Sunday , October 2 2022

Mars touchdown: NASA spacecraft sends "neat and dirty" photo



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CAPE CANAVERAL, Fla. – Minutes after descending on Mars, NASA's spacecraft sent back a "nice and dirty" snapshot of its new dig. But the dusty image looked like a work of art for researchers.

The picture revealed a mostly smooth and sandy terrain around the spacecraft with only one big rock visible.

"I am very pleased that it looks like we have an incredibly safe and dull landing site," said project manager Tom Hoffman after Monday's touchdown. "That was exactly what we were supposed to do."

A better picture came hours later and more is expected in the coming days after the dust cover has emerged from the lander's cameras.

The spacecraft arrived in March after a dangerous, supersonic dunk through its red sky that took only six minutes.

"Touchdown-confirmed!" A flight control checked just before 3 pm EST, suspended jubilation among researchers at NASA's Jet Propulsion Laboratory in Pasadena, California, which had been waiting for testimonies for words to reach over 100 million miles (160 million miles) of space.

It was NASA's eighth successful landing on Mars since 1976 Viking probes, and the first in six years. NASA's curiosity rover, which arrived in 2012, is still on its way to Mars.

Due to the distance between Earth and March, it took eight minutes for confirmation to arrive, forwarded by a pair of small satellites that had been inSight throughout the half-month, 300 miles (482 million miles) trip.

"Wrongly," explained JPL's engineer, Rob Manning. "Sometimes things work to your advantage."

InSight, an international project of $ 1 billion, contains a German mechanical mole that will descend 16 meters (5 meters) to measure Mars's internal heat. The landlord also has a French seismometer for measuring shakes, if available on our smaller, geologically calmer neighbor. Another experiment will calculate Mars wobble to reveal the makeup of the planet's core.

At the end of Monday, NASA reported that the spacecraft's important solar collectors were open and charged their batteries.

During the nearest "suns" – or the 24-hour Martian day, 39 1/2 minutes – the air traffic control will assess the health of InSight's serious robot arm and its scientific instruments. It will take months to set up and fine-tune the instruments, and lead researcher Bruce Banerdt said he did not expect to start getting a stream of solid data until late next spring.

Banerdt called InSight's first snapshot of the surface the first part of science, albeit "nice and dirty". He said the image would be cleaned and the black spots would disappear. That photo came from a camera lying on the lander. Late Monday, NASA released a clean photo taken by a higher camera that showed part of the lander and the landscape.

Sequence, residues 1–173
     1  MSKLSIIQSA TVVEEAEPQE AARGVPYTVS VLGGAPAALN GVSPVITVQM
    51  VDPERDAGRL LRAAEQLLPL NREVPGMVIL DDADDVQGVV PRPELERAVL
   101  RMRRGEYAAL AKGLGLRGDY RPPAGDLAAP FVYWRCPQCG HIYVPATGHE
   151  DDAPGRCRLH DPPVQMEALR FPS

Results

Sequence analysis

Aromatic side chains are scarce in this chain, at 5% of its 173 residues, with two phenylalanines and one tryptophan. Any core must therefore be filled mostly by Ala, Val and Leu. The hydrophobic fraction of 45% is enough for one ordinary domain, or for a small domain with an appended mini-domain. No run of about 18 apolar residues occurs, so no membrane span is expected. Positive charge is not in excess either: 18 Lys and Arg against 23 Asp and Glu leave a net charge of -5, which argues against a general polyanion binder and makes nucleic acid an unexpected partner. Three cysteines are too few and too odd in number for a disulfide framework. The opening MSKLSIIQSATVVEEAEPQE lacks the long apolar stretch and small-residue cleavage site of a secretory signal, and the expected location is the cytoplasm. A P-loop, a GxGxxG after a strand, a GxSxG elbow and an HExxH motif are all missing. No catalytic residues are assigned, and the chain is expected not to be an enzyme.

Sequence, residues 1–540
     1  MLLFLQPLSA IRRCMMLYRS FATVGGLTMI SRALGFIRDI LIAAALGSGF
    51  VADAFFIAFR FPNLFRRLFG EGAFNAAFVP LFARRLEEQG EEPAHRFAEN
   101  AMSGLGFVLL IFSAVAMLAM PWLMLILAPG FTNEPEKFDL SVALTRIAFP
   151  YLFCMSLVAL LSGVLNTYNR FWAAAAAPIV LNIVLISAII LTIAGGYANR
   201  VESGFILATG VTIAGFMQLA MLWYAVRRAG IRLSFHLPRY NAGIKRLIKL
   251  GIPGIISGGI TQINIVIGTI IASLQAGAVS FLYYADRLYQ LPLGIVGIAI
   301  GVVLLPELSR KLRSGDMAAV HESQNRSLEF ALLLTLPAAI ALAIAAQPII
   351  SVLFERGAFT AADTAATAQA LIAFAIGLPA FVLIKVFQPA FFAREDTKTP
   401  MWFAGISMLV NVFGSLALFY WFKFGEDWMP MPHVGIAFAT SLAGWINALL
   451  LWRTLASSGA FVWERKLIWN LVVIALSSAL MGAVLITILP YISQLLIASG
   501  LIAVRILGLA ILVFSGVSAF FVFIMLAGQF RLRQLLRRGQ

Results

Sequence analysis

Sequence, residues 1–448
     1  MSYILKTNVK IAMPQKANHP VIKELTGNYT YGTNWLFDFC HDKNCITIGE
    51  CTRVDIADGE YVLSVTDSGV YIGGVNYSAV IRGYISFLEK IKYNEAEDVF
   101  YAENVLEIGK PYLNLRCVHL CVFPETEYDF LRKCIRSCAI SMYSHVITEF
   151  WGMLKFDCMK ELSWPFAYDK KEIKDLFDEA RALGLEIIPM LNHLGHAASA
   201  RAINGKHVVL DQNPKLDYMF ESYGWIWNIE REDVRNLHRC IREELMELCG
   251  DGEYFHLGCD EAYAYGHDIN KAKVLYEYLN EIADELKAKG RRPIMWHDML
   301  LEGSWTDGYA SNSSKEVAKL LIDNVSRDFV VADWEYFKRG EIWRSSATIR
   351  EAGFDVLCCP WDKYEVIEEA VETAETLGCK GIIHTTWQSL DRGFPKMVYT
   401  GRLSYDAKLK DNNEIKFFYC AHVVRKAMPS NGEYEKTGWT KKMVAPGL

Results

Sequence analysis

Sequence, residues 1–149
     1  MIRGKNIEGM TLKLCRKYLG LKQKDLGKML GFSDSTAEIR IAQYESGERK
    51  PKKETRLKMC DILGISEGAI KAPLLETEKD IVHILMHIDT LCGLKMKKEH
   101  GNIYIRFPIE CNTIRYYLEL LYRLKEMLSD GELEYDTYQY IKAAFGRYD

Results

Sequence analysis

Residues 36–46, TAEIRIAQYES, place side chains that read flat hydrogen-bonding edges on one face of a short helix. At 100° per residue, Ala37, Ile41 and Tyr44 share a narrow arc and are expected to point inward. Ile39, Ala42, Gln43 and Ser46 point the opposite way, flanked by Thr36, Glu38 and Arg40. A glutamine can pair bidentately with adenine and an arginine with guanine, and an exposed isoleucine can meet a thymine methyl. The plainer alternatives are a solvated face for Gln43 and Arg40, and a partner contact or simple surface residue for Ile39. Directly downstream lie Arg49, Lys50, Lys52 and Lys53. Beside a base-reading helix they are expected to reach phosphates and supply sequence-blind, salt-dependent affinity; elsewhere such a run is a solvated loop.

InSight 800 pounds (360 pounds) is stationary and will work from the same location in the next two years, the duration of a March-year.

"In the coming months and years, historical books will be written about Mars," says JPL director Michael Watkins.

NASA went with its old, straight-line approach this time using parachute and brake engines to get InSights speed from 12,300 km / h when the pierced martens atmosphere, about 77 miles (114 miles) up, to 5 mph (8 km / h) at touchdown. The danger was that the spacecraft could burn in the atmosphere or bounce off it.

Many Mars-bound spacecraft launched by the United States, Russia and other countries have been lost or destroyed over the years, with a success rate of only 40 percent, and are not counted with InSight.

The three-legged InSight settled on the west side of Elysium Planitia, the plain that NASA aimed at.

Museums, planetariums and libraries throughout the United States were watching festivals to watch the events on JPL. NASA TV coverage was also shown on the giant screen in New York Times Square, where crowds huddled under umbrellas in the rain.

"What a wonderful day for our country," said Jim Bridenstine, chairing his first Mars landing as NASA's boss.

Mars's well-preserved interior gives a snapshot of what land may have looked after the creation 4.5 billion years ago, according to Banerdt. While the earth is active seismically, Mars decided to rest on his laurels "after it was formed, he said.

By investigating and mapping the Mars frame, scientists hope that the rocky planets in our solar system proved so different and why the Earth became a haven for life.

There are still no life detectors aboard InSight. NASA's next mission, the March 2020 Rover, will be a prowl for rocks that can provide proof of old life. The question of whether life ever existed in Mars's wet, watery past is what continues to drive NASA back to the fourth rock from the sun.

After InSight landed, the two experimental satellites dropped over Mars, their main job. One last photo was taken on the red planet to satellite chief engineer Andy Klesh, titled "farewell to InSight … farewell to Mars."

For the AP's full coverage of the Mars Landing: https://apnews.com/MarsLanding

The Associated Press Health and Science Department receives support from the Howard Hughes Medical Institute's Department of Science Education. AP is solely responsible for all content.

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